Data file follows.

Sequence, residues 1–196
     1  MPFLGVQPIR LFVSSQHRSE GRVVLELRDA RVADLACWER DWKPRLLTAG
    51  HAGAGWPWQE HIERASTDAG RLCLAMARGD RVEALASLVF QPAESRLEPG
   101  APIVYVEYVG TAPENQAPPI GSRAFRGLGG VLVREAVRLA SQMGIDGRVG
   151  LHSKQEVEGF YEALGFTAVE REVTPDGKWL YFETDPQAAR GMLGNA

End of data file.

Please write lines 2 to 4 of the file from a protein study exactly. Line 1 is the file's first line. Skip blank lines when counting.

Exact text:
     1  MPFLGVQPIR LFVSSQHRSE GRVVLELRDA RVADLACWER DWKPRLLTAG
    51  HAGAGWPWQE HIERASTDAG RLCLAMARGD RVEALASLVF QPAESRLEPG
   101  APIVYVEYVG TAPENQAPPI GSRAFRGLGG VLVREAVRLA SQMGIDGRVG